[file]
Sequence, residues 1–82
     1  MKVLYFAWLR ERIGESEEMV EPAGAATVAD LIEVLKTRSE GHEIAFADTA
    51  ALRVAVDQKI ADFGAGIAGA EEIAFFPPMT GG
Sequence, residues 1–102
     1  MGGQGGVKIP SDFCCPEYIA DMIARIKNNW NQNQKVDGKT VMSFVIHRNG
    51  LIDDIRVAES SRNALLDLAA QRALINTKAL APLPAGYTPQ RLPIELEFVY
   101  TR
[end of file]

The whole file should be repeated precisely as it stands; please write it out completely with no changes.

Sequence, residues 1–82
     1  MKVLYFAWLR ERIGESEEMV EPAGAATVAD LIEVLKTRSE GHEIAFADTA
    51  ALRVAVDQKI ADFGAGIAGA EEIAFFPPMT GG
Sequence, residues 1–102
     1  MGGQGGVKIP SDFCCPEYIA DMIARIKNNW NQNQKVDGKT VMSFVIHRNG
    51  LIDDIRVAES SRNALLDLAA QRALINTKAL APLPAGYTPQ RLPIELEFVY
   101  TR